The 6 Most Important Metals Used In Medicine

If you are trying to develop a medical product or device used in a healthcare sector, you need to be careful when you choose the material for manufacturing. Typically metal, rather than plastic or other material, when you need to replace a biological structure that has been damaged due to trauma or bone or cartilage disorders.

And, metals which are used in medical environments need to meet specific criteria than most of the other products. For example, they need to be non-toxic in the presence of human tissue or fluids. Or, they might have to be resistant  to chemicals such as detergents and alcohols which are used for cleaning. They also need to be non-magnetic and non-corrosive in addition to being non-toxic.

Because of many variables, agencies around the world do not certify any raw materials for medical devices as such. As, it is the final product – not the raw material – that is classified. Choosing a bio-compatible material is still the first step towards getting classified.

Here are the most common types of metals and their typical use.

Stainless Steel : Stainless Steel is a well suited metal for the medical industry. It is non-toxic, non-corrosive, durable and can be polished to a very fine finish so that it’s easily cleaned. The most common types of stainless steel used for medical implants and body piercings are 316 and 316L, which are highly corrosion-resistant. This is important because corrosion in the bloodstream can cause infection and possibly even death. Stainless steel is commonly used for orthopedic implants, bone fixations, artificial heart valves etc. It is also used in surgical tools like scalpels, mandrels, tweezers and forceps that has to be durable and also easily cleaned and sterilized. And, stainless steel mesh is sometimes used for intravascular stents.

Copper : For centuries, copper has been known to prevent attachment by living organisms. Copper is believed to affect microorganisms by rupturing the cell membrane of the organism, weakening it and causing copper to obstruct the normal metabolism of the cell. There is a rare direct usage of copper in medical implants. This is because copper is soft and may cause toxicity inside of tissue. However, some copper alloys are still used in dental implants and to prevent infection in bone transplant operations. Because of its outstanding antiviral and antibacterial properties, it is an ideal material for surfaces that are constantly being touched like door handles, railings, faucets etc,. Copper is unique in that more than 400 different copper alloys have been approved by the FDA as biocidal to prevent the spread of viruses like SARS-CoV-2.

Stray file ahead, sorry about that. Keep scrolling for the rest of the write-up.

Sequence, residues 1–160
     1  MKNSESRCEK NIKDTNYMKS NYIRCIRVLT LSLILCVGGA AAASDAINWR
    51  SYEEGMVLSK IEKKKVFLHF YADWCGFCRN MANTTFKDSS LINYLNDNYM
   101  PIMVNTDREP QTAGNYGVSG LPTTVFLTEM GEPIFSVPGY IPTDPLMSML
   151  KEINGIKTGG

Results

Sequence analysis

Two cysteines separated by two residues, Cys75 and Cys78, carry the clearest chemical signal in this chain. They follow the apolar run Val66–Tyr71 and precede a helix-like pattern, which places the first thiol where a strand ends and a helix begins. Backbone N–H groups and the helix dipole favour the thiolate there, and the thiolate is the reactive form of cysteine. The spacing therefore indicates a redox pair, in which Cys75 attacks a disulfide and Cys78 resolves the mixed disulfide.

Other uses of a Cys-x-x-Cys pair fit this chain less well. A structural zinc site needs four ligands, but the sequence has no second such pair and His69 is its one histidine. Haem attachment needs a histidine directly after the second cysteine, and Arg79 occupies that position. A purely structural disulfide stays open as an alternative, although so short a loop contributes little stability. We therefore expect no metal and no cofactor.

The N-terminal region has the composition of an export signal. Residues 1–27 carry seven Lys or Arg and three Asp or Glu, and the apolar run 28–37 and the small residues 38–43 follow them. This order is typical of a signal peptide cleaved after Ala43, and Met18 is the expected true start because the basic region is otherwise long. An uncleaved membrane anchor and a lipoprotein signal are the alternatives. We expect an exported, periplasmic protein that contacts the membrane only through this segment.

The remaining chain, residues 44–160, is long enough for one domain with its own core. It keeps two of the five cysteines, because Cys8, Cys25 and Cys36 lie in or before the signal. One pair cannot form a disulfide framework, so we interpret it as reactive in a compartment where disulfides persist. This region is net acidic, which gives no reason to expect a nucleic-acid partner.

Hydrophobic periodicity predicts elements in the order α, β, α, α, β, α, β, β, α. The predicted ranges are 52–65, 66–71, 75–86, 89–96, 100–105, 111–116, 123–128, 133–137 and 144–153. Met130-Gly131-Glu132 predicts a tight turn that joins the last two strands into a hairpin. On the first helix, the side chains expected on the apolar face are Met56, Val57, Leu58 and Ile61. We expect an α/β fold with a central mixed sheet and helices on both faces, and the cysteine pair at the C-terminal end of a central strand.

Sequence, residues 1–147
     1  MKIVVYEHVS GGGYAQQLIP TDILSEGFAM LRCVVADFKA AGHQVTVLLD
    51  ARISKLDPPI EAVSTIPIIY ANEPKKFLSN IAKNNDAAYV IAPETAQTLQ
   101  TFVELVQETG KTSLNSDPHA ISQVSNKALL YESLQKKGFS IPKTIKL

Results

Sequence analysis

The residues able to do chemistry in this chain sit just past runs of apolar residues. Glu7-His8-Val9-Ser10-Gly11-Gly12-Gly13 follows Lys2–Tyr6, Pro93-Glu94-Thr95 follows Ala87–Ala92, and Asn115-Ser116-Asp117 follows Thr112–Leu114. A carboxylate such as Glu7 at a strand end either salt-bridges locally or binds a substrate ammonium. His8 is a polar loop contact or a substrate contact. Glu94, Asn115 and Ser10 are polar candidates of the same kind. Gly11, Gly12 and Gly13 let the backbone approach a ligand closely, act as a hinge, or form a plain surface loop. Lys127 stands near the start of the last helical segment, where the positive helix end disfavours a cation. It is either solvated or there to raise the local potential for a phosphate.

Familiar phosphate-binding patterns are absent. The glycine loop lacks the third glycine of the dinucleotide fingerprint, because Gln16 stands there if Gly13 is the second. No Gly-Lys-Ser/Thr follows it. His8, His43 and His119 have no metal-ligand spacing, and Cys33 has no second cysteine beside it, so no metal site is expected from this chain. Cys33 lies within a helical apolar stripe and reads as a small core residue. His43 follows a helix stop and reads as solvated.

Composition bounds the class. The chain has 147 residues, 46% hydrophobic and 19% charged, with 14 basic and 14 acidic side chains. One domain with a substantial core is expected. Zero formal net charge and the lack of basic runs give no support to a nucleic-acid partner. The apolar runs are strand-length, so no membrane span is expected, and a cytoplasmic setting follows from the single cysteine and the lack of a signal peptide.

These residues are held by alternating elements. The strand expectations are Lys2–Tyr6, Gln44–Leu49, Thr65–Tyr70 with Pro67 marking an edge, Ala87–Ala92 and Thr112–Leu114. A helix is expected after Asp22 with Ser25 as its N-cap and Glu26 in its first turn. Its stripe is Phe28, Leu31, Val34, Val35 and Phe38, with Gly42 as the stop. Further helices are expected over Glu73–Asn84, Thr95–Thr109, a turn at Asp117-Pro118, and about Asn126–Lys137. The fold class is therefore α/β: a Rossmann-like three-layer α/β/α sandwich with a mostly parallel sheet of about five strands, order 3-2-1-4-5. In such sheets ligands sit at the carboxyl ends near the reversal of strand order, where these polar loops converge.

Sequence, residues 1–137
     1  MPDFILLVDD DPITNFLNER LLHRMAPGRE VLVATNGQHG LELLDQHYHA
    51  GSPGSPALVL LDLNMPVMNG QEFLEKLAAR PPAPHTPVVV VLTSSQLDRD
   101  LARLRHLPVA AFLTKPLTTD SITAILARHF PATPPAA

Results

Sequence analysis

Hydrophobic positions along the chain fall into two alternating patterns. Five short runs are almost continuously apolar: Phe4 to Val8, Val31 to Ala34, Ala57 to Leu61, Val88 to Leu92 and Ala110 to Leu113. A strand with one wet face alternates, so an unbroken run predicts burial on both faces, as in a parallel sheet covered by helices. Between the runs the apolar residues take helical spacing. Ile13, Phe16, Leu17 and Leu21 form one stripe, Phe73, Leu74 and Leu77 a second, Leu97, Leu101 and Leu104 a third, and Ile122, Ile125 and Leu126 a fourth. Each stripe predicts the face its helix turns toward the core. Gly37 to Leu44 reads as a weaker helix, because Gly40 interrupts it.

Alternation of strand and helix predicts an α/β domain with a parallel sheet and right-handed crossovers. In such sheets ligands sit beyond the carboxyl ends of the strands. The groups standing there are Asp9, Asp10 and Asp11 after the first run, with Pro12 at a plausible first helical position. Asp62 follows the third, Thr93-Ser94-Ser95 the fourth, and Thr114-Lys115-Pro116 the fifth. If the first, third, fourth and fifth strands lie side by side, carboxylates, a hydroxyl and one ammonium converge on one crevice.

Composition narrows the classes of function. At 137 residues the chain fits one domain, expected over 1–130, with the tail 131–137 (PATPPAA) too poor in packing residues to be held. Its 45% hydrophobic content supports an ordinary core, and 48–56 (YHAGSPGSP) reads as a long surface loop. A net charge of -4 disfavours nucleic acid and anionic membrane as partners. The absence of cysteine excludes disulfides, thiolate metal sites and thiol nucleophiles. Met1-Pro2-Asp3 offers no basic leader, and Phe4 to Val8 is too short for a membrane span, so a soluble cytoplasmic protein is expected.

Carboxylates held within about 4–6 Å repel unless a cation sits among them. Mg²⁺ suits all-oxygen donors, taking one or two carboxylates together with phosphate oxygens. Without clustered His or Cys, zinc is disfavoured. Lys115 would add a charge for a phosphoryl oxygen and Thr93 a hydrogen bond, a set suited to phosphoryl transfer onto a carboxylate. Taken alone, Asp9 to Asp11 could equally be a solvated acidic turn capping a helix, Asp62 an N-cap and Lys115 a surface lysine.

Titanium : Titanium possesses a unique ability to bind with bone and living tissue, making it an ideal material for orthopedic implants such as knee and hip replacements. Because of its strength and increased resistance to corrosion, it is well-suited to many other medical instruments, as well in hip and knee replacement surgery, spinal fusion cages etc. Titanium alloys are also great for dental implants. That’s because titanium, like some types of stainless, can be metal 3D printed to create perfectly customized parts from a patient’s scans and X-rays.

Cobalt Chrome : Cobalt-chrome has a very high specific strength and is commonly used in dental implants, and orthopedic implants. Although it’s very hard, cobalt chrome parts can be CNC machined or 3D printed.

Aluminum : Aluminium is widely used in orthopedic, endoscopic, craniomaxillofacial, spine, trauma, surgical and general hospital service equipment. Surgical containers, cases, trays, bins and other aluminium equipment are safer than equipment made of stainless steel or plastic. Since raw aluminum can tarnish or oxidize very easily, aluminum parts are typically painted or anodized for durability.

Magnesium : Within this industry, the use of bio-resorbable implants is increasing, competing with the more traditional titanium implants. Recent developments within the bio-resorbable implants market includes magnesium alloys, which offer new, revolutionary solutions, demonstrating both bio-compatibility and bio-safety. Medical implants can be used in a range of applications, such as vascular stents and bone graft surgery. Bio-resorbable materials are advantageous for use throughout the medical device market because they offer a steady resorption rate and can help achieve optimum healing within the body.

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